I have never seen a post about properly installed gears on a JK failing with 37" or smaller tires unless it was part of a catastrophic failure that would have damaged any size gears.
So, the evidence would suggest that the gearset is not the weak link in JK axles and you shouldn't worry about putting 5.13s in a JK Dana 30, or 5.38s in a JK Dana 44. If you have seen a compelling number of JK gearset failures due to small gear teeth, please point them at least one out to me on any forum.
As a result, with an automatic, I'd go absolutely as low as you can go. For a Rubi, that is 5.38s, for a non-Rubi, that is 5.13s.
The JK engines require higher rpm levels than the old 4.0L TJ engines. They really need to be run over 2500 rpm at highway speeds to produce enough rear wheel horsepower to drive in windy situations, towing, up grades, or at higher elevations to avoid flashing the converter (downshifting with tranny slip that revs the rpm levels higher than they would otherwise be in just 3rd gear with the overdrive off). I am not an engineer or a rocket scientist, but I can tell you that 64 rear wheel horsepower at 2k rpm is not adequate to roll 35" tires on a non-aerodynamic brick of a lifted JK in windy, towing, graded/hilly, or higher elevation (i.e. Rocky Mountain West) situation. Maybe on low elevation, flat highways, on 2 doors, with little or no lift 64 rear wheel horspower at 2k rpm is sufficient, but not for the rest of us.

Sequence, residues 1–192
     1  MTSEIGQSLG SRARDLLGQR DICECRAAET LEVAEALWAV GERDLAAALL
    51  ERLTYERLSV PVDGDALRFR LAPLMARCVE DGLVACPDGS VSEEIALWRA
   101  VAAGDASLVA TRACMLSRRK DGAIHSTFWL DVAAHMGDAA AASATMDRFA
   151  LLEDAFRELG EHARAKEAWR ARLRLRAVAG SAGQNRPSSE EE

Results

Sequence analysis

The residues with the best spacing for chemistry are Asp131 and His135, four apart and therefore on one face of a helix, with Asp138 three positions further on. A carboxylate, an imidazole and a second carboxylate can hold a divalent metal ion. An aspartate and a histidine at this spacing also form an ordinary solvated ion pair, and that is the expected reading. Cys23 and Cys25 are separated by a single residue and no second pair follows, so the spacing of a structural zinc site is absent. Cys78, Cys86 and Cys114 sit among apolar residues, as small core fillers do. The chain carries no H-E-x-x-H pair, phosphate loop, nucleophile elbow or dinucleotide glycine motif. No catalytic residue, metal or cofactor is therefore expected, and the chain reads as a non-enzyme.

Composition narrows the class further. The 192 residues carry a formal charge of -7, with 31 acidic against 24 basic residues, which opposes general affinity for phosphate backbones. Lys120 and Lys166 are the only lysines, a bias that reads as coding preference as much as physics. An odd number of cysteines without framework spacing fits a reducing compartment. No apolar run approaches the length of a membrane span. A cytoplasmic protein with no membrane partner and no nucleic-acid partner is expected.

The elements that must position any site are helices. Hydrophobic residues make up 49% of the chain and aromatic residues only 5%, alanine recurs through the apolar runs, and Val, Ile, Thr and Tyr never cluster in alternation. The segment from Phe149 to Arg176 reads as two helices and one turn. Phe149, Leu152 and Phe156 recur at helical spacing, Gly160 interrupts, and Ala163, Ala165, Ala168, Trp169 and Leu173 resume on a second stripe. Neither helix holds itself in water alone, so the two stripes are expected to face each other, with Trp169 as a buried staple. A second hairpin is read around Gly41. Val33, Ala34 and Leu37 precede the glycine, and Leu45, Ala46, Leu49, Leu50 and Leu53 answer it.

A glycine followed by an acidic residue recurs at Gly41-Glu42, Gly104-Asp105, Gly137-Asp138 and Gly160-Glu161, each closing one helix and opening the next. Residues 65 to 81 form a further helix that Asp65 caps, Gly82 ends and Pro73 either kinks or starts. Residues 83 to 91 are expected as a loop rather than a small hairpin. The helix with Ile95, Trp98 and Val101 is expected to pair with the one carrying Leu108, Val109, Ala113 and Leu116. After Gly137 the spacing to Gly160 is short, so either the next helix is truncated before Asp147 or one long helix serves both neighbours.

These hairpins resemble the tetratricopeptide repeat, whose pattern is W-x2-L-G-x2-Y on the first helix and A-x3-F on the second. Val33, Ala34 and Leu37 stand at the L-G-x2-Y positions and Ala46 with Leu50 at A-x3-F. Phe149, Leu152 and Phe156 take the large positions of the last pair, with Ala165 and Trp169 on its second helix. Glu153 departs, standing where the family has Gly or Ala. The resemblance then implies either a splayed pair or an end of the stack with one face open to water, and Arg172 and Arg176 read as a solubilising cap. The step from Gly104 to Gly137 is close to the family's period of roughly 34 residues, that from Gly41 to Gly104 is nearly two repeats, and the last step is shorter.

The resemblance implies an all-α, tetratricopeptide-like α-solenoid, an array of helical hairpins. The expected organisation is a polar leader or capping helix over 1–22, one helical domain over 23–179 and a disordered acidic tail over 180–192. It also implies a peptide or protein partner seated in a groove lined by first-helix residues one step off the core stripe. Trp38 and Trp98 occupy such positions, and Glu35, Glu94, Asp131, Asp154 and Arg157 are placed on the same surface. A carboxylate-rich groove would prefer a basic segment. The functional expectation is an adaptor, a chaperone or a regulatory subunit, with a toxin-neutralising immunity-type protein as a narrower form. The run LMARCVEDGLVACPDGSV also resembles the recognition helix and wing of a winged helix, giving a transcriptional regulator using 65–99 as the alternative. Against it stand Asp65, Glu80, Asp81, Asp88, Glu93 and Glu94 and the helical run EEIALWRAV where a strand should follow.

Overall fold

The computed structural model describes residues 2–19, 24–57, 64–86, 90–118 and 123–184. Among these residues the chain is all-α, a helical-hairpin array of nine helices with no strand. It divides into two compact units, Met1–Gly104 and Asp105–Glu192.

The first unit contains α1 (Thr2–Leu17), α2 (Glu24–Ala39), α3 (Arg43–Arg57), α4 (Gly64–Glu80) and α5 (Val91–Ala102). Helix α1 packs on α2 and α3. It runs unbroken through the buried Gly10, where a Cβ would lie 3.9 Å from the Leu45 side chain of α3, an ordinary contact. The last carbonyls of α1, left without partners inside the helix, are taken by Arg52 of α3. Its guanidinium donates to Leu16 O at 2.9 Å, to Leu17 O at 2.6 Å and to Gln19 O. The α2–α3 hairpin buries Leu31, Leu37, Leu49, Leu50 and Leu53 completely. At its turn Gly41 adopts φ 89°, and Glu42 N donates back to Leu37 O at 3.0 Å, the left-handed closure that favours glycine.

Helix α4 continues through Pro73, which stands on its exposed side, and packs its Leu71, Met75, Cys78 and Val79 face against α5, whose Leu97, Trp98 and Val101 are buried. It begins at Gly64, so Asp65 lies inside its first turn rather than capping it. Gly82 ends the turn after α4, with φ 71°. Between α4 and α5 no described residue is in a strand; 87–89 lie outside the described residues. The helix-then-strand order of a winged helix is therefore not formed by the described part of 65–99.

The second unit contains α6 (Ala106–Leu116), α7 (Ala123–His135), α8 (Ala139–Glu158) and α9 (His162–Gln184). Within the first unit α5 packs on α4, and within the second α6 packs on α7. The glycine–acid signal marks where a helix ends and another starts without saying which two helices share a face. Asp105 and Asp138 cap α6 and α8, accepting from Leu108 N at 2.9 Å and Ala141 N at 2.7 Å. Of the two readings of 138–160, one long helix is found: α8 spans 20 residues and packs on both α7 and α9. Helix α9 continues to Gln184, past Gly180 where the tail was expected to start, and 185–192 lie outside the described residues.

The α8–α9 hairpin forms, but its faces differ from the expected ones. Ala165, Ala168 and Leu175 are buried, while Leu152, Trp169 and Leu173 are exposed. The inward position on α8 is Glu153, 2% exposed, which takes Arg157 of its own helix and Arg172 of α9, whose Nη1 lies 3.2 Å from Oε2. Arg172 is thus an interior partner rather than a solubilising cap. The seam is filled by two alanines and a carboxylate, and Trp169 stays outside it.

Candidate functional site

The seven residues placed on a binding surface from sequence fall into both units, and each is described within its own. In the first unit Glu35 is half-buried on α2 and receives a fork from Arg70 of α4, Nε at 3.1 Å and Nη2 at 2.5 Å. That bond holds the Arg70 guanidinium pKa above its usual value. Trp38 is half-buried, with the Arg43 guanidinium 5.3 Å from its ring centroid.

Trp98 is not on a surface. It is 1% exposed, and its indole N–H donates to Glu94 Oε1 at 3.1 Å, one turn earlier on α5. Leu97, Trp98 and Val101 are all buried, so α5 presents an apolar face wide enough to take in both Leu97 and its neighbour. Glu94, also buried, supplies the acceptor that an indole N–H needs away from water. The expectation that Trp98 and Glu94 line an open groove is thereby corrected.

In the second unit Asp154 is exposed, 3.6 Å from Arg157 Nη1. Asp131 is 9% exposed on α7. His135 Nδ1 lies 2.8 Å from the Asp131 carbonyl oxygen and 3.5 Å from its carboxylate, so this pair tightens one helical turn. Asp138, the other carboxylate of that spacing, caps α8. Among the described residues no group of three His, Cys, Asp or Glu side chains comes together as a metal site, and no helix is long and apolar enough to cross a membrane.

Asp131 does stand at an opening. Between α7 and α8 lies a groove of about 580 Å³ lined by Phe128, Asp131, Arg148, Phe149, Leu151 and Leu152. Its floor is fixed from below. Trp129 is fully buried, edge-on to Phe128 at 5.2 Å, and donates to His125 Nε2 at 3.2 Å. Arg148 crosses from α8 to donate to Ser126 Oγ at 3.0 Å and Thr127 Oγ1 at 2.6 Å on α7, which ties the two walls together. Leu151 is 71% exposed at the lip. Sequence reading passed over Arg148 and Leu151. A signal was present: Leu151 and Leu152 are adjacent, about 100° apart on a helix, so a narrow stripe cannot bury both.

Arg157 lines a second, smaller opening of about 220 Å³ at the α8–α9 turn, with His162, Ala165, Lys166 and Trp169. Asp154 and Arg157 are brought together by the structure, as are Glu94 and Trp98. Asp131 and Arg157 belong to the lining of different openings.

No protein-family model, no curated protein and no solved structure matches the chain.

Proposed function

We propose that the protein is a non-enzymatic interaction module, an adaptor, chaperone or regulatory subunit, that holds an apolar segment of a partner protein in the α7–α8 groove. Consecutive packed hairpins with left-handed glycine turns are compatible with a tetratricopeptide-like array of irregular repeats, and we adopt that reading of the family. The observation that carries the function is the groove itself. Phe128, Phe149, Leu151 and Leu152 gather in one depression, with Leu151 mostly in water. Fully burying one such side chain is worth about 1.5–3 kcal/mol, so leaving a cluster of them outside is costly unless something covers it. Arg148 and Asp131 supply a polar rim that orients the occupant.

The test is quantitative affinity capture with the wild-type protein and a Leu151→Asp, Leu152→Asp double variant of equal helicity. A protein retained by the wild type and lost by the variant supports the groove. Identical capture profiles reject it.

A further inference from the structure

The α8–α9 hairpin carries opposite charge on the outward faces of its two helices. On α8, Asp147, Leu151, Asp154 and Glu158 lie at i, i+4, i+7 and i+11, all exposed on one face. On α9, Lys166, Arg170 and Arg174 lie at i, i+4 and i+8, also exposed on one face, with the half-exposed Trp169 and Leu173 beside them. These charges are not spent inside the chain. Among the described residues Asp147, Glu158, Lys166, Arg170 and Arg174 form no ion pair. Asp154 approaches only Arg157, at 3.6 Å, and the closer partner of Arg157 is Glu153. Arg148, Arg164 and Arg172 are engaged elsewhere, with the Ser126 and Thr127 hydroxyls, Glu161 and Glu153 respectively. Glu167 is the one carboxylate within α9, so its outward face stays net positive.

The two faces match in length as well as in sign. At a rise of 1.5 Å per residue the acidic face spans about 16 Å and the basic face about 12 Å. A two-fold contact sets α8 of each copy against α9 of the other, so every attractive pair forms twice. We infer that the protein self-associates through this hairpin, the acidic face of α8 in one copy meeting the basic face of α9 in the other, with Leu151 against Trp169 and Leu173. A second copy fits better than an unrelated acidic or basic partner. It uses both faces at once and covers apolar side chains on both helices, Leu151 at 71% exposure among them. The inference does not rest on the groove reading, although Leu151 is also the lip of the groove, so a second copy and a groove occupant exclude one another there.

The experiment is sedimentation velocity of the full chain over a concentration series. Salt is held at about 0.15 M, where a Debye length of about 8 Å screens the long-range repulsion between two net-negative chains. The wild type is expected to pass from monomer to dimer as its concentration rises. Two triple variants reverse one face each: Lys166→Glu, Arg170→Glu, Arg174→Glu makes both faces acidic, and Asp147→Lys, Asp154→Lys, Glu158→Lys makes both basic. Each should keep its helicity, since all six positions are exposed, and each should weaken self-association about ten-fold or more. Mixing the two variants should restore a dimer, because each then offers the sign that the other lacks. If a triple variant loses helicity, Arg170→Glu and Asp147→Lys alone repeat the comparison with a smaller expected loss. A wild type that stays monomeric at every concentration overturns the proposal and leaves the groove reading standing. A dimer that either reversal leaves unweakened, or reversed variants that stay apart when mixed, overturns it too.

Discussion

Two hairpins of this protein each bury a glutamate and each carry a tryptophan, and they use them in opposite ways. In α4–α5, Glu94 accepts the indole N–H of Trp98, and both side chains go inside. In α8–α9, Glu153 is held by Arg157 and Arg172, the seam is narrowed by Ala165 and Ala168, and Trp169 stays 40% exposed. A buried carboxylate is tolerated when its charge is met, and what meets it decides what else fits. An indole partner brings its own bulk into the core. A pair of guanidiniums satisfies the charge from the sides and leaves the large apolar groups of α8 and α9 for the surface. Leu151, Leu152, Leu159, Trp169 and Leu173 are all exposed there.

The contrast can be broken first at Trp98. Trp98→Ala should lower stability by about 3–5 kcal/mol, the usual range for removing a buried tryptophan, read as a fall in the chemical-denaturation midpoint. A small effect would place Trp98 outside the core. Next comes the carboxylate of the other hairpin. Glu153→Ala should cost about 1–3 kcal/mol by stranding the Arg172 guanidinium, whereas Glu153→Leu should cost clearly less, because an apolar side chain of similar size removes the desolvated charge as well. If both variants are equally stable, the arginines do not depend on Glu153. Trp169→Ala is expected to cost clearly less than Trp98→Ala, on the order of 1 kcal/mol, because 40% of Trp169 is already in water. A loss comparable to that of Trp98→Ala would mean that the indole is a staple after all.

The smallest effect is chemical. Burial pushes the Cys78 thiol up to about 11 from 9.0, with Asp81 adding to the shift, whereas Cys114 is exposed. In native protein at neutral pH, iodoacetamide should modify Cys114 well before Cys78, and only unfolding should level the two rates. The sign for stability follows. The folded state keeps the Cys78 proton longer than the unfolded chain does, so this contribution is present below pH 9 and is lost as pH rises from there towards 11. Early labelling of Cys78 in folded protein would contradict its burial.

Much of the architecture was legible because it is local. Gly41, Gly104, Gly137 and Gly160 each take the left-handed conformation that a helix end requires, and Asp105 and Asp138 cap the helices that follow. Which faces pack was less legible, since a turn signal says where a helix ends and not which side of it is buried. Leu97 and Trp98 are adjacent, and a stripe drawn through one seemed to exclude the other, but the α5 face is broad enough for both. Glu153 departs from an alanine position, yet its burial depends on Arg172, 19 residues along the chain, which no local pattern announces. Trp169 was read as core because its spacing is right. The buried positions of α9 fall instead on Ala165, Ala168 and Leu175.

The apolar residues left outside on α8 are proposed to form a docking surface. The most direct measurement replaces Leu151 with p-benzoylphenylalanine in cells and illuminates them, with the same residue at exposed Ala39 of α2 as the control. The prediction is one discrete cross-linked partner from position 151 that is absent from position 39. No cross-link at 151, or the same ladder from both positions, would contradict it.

Gas mileage will improve for automatics that run at 2500 rpm at highway speeds due to the reduced flashing of the converter (downshifting, etc.).
This is not opinion or casual observation. Clearly, the automatic JKs are undergeared stock and the Rubi's should have come with 4.56s or 4.88s stock.
Here is the evidence of the JK rear wheel horspower at different rpm levels:
Here are the rpm levels by tranny type, gear, and tire size (notice that the rpm levels of 5.38s are barely more than 5.13s, making 5.38s preferable with an automatic Rubi with 35" or taller tires):